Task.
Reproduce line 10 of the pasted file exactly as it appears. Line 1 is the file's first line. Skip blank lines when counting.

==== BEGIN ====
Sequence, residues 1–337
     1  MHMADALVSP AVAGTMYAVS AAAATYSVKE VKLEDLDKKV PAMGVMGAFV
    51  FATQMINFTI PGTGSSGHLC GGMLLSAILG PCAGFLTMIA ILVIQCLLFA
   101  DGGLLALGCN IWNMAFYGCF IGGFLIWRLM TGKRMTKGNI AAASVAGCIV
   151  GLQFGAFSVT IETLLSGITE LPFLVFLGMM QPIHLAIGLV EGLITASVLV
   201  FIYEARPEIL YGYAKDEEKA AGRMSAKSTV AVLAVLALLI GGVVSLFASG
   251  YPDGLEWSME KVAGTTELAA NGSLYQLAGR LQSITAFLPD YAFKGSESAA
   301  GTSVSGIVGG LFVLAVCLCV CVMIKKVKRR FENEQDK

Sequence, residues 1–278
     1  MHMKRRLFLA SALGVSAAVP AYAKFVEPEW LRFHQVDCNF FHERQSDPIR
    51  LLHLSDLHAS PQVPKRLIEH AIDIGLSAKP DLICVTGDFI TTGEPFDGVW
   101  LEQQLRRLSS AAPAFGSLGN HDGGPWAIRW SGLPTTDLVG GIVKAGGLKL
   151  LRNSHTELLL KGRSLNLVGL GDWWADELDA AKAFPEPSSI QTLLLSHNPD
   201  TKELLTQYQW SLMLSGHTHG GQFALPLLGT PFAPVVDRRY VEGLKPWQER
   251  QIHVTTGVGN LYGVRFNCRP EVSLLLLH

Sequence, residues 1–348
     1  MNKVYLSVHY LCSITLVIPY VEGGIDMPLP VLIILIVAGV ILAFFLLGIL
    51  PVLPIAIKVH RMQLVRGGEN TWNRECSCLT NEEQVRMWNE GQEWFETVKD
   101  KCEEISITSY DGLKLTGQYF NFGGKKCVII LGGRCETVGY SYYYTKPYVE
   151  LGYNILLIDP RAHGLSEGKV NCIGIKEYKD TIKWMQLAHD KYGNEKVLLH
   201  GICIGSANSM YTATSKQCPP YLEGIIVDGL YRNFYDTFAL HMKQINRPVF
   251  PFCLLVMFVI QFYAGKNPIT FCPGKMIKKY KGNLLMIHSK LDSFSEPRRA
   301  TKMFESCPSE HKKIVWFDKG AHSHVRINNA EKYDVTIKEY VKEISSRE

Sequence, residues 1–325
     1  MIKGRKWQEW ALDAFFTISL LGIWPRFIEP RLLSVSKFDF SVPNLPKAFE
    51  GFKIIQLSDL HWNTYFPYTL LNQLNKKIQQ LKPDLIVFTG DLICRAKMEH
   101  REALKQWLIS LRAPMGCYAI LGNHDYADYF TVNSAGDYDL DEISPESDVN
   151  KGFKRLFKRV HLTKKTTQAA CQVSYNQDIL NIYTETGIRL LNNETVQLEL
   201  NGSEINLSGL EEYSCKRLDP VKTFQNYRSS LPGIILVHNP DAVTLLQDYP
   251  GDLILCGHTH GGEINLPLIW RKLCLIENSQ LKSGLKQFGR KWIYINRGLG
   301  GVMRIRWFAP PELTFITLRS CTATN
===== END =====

     1  MHMKRRLFLA SALGVSAAVP AYAKFVEPEW LRFHQVDCNF FHERQSDPIR